Racism 'on the rise' in UK with 1 in 3 people admitting prejudice

The British Social Attitudes Survey found a link to the immigration debate

The 9/11 terror attacks and fears about increased immigration could be to blame for an increase in the number of Britons who admit to being racially prejudiced, according to a new study.

According to the 2013 British Social Attitudes Survey, nearly a third of people in Britain admitted being racist on some level. In 2001, that figure was just 25 per cent and researchers believe little headway is being made to tackle bigotry.

It is still an improvement on the 1980s, when 36 per cent of people classed themselves as racist, and there was another small spike in 2011.

About 30 per cent of those answering the survey described themselves “very” or “a little” prejudiced against people of other races.

Researchers believe the apparent rise in racism could be fuelling the current row over immigration that sent voters in their droves away from the main parties to Ukip in last week’s elections.

They called on political leaders to react to the apparent increase in racism.

More than nine in 10 of people who admitted to some level of prejudice also wanted a reduction in immigration levels, in comparison to around seven in 10 who denied being racist.

A graph showing the percentage of people classing themselves as racist in the NatCen British Social Attitudes Survey. A graph showing the percentage of people classing themselves as racist in the NatCen British Social Attitudes Survey. Penny Young, chief executive of NatCen Social Research, which conducted the survey, called the findings “troubling”.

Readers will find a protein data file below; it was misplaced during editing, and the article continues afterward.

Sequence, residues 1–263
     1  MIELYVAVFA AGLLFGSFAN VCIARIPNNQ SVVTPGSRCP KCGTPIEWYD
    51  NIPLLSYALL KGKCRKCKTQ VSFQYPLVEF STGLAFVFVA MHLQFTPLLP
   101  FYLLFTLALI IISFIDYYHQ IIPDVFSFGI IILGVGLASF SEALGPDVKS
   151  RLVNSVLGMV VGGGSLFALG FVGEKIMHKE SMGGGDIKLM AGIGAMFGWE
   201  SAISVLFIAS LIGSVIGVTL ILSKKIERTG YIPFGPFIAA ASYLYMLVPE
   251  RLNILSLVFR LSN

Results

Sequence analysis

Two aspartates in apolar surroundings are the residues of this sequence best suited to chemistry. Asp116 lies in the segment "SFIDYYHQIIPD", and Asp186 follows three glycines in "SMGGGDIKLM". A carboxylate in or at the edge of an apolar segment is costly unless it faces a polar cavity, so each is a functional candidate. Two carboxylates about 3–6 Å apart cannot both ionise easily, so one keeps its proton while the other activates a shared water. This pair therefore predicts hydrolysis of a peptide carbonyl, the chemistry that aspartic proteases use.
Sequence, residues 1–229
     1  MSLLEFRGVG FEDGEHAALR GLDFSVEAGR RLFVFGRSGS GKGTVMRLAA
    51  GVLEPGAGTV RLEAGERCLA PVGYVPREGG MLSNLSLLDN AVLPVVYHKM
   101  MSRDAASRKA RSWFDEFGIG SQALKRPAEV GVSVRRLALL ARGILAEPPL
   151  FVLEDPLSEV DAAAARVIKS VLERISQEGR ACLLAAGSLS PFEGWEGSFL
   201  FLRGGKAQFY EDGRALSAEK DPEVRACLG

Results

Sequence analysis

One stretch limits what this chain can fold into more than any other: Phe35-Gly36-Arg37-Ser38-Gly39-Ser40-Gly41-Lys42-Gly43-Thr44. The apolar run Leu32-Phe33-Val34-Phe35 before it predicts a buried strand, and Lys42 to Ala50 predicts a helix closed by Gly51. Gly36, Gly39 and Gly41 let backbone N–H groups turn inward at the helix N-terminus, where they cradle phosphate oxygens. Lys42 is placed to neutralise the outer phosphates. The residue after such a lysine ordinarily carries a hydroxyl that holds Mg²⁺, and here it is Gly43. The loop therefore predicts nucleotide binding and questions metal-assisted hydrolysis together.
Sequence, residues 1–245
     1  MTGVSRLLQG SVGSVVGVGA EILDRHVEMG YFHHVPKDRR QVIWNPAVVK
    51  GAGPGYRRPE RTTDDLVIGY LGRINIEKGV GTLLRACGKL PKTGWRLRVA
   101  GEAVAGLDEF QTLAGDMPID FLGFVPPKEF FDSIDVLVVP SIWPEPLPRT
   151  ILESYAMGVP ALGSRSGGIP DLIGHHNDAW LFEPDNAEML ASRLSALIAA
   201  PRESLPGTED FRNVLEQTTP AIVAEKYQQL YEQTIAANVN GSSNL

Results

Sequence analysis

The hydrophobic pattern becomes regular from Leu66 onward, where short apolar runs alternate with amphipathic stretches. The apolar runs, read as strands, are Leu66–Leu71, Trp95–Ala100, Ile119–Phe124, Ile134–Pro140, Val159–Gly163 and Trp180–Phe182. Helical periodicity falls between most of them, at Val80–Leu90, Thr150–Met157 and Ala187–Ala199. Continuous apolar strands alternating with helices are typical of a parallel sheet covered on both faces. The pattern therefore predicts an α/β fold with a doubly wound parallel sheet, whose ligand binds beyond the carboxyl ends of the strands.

She said: “Levels of racial prejudice declined steadily throughout the nineties, but have been on the rise again during the first decade of this century. This bucks the trend of a more socially liberal and tolerant Britain.

“Our local and national leaders need to understand and respond to increased levels of racial prejudice if we are to build strong local communities.”

People living in inner London were least likely to describe themselves at racist (16 per cent), compared to the West Midlands, where 35 per cent of respondents said they were.

Levels of prejudice rose with age, with the highest among over-55s, and those with no qualifications.

There was also a trend among occupations, with more manual workers admitting bias than managers and “professionals”.

Speaking on BBC Radio 4's Today programme, Ms Young said self-reported prejudice was very difficult to study in detail.

She suggested the 9/11 attacks in New York and heightened concerns about immigration were possible reasons for the increase since 2001, when racism had seemed to be in “inexorable decline”.

"In about 2001, it seemed to change, and we think there are probably two possible things that are driving this. One, it was a very marked turning round in 2001, so it may well be an impact of 9/11, that people started to feel more fearful, or to do with people feeling concerned about the impact of immigration in their own area or being fearful of the impact of immigration in their own area."

The British Social Attitudes Survey has been conducted annually since 1983 and the most recent data used 3,244 interviews with a random sample of British adults.

It also covered political issues, social and moral attitudes and opinions on gender roles and the family.

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